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After much trial and error configuration, I'm currently able to script msdeploy.exe to deploy a package built in Visual Studio 2010 to a remote server running IIS 7.5 with a command line like:

Basic authentication command:

msdeploy -source:package="project.zip" -dest:auto,computerName='https://webserver:8172/MsDeploy.axd',authtype='Basic',username='DOMAIN\myuser',password='xxx',includeAcls='False' -verb:sync -setParamFile:"SetParameters.xml" -allowUntrusted

Can I eliminate the need to provide a password in the command line by enabling pass-through authentication? The Web Deploy docs mention the authType parameter that can specify 'NTLM', instead of Basic. However, whenever I try this (see example below), I get an error indicating a 401. The WMSvc web log shows a 401.2 and no userid is populated in that log entry, unlike previous attempts using Basic authentication do actually show the DOMAIN\myuser in the web log. No other useful information is found in event viewer of either client or server.

Note: The target webserver is on another domain, so I do a net use \\webserver /u:DOMAIN\myuser to establish a token.

Pass-through authentication command attempt:

msdeploy -source:package="project.zip" -dest:auto,computerName='https://webserver:8172/MsDeploy.axd',authtype='NTLM',includeAcls='False' -verb:sync -setParamFile:"SetParameters.xml" -allowUntrusted

It seems msdeploy.exe is not properly authenticating with IIS at the HTTP level. What could be wrong?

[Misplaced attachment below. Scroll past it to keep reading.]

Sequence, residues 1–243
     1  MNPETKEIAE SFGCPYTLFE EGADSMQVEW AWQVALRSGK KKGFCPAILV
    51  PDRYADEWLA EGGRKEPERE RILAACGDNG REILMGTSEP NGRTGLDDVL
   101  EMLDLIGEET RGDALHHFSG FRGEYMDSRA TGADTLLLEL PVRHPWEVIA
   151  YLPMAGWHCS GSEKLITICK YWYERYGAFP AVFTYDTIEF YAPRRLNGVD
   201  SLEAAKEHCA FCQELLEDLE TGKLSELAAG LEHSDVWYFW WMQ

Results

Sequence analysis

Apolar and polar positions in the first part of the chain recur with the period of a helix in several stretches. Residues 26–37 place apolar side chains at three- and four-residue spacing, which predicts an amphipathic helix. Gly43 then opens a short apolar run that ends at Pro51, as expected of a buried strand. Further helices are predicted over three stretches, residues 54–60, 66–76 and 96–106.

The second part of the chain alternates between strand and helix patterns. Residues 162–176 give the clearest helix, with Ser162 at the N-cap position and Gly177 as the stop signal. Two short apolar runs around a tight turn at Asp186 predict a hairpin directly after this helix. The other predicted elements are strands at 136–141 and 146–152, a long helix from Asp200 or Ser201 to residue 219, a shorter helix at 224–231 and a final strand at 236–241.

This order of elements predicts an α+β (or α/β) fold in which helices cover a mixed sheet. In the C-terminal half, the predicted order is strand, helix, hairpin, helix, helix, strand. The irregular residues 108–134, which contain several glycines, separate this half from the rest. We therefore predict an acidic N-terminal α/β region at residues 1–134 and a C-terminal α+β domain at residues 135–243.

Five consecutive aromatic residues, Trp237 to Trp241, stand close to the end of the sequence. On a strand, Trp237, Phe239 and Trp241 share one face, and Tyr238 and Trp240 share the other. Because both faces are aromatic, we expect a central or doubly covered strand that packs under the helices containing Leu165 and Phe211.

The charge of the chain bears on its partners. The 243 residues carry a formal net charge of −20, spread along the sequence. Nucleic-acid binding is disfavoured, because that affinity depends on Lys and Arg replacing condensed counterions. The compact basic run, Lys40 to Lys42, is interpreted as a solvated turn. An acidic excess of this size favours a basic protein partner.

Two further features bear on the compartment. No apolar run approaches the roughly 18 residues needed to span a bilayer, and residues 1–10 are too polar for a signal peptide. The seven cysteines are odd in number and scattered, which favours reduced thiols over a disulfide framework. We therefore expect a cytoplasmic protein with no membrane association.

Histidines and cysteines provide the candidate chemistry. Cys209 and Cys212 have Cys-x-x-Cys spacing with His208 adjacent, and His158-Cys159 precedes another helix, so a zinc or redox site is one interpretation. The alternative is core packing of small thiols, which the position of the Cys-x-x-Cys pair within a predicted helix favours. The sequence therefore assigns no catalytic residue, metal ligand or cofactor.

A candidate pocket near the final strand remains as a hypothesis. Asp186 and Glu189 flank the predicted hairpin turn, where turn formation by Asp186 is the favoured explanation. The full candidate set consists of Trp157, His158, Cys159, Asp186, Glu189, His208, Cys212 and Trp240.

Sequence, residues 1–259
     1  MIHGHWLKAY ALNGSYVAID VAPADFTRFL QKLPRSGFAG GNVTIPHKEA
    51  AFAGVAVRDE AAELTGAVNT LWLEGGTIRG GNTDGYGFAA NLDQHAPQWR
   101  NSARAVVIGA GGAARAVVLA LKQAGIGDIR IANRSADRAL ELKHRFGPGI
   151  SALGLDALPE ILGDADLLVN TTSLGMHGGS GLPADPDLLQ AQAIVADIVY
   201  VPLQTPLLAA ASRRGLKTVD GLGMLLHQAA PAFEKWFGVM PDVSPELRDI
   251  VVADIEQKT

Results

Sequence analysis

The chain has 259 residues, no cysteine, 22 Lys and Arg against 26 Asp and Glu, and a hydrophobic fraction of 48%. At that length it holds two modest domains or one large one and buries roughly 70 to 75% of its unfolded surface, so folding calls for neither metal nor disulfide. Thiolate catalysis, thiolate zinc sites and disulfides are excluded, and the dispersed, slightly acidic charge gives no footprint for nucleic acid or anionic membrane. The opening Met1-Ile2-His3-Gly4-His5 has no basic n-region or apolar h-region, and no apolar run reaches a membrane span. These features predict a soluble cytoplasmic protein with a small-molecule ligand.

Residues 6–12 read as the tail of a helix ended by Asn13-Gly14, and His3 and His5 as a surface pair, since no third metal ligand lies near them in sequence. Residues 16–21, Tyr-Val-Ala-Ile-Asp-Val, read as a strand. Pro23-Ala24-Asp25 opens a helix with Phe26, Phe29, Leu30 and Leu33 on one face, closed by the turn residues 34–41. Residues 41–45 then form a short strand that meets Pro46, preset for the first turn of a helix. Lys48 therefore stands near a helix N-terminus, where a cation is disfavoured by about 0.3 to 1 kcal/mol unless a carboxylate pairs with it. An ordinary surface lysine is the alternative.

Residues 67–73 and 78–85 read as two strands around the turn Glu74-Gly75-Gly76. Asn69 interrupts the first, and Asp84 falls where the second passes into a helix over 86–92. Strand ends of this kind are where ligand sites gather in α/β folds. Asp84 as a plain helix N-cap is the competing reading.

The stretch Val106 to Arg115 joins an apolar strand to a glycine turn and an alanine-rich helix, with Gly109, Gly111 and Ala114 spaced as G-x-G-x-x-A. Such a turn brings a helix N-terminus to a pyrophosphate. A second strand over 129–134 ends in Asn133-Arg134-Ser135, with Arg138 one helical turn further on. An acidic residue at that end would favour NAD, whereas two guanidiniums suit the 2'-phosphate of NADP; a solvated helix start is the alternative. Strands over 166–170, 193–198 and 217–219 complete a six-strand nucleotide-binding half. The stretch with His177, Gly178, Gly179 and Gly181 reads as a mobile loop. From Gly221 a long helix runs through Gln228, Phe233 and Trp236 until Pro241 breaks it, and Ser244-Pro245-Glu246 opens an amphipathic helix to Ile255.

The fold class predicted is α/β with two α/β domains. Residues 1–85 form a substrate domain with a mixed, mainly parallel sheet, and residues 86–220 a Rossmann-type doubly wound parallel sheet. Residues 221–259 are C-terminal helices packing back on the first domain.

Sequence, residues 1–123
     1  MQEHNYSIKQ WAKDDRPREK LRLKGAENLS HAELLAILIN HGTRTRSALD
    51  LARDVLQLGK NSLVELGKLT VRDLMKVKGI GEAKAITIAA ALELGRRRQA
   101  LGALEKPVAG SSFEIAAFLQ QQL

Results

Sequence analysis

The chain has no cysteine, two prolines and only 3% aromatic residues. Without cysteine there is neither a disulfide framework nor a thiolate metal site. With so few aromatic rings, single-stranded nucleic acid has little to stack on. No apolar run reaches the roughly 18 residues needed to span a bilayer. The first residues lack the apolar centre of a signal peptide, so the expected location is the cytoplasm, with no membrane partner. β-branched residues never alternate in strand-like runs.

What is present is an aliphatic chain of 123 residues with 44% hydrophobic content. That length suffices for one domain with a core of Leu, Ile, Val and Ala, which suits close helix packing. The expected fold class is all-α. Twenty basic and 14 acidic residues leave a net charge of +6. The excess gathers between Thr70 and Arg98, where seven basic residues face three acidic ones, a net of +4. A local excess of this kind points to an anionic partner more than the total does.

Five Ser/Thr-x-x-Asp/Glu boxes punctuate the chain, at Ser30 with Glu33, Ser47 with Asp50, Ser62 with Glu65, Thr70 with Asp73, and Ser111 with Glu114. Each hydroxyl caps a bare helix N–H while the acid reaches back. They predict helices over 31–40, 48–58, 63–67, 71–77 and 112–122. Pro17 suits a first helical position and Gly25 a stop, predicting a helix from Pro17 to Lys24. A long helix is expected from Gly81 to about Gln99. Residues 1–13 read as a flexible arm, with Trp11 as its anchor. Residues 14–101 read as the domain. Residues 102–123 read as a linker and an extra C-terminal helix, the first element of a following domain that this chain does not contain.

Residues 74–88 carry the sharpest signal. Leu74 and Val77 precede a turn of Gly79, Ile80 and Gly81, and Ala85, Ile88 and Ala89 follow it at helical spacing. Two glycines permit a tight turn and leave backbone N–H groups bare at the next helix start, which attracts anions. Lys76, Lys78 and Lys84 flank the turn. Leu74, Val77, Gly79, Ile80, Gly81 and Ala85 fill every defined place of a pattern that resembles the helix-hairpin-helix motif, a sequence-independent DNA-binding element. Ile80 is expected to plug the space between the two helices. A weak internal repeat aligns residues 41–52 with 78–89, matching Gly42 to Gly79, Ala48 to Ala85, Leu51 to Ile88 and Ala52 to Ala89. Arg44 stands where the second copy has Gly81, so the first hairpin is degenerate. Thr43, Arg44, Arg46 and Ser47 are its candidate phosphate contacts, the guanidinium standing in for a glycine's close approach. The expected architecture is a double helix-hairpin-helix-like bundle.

Client is Windows XP, Server is Win2008R2. Both are running msdeploy.exe version 7.1.618.0. Both have .NET 2.0, 3.5, and 4.0 installed.

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4 Answers 4

I guess we can't use pass-through authentication if the client computer does not stay with same domain. If you use web deploy 1.1, you can try storeCredentials and getCredentials for avoiding put a username and password directly in a command line.

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I may not be fully understanding your problem, but could you use the -storeCredentials and -getCredentials flag to accomplish this?

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This is clearly a late answer and I'm sure you've solved this or worked around it, but in case this helps someone else:

You can definitely use MSDeploy to deploy a package using NTLM authentication even when the target webserver is on another domain. This is roughly the commandline we use:

msdeploy.exe -source:package='MyPackage.csproj.zip' -dest:auto,computerName='https://www.myserver.com:8172/MsDeploy.axd?site=mysitename',authtype='NTLM',includeAcls='False' -verb:sync -disableLink:AppPoolExtension -disableLink:ContentExtension -disableLink:CertificateExtension -setParamFile:"MyPackage.csproj.SetParameters.xml"

For this to work, we run this command from the source machine in the security context of a username + password that identically matches a username + password on the target domain.

The param file probably has no bearing on authentication but I was just including it for completeness. This is the method we use to apply differing connectionstrings for the application depending on where it is deployed.

We don't use the "net use" approach to establish a token, I'm not sure that this translates easily into NTLM authentication via HTTP.

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Go to IIS Site Admin page -> IIS -> Authentication

Enable Anonymous Authentication -> specify IIS guest user (IUSER_computername)

Grant IIS guest user permission on website wwwroot folder.

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Please don't confuse passthru authentication with no authentication at all. –  spoulson May 23 '11 at 11:57

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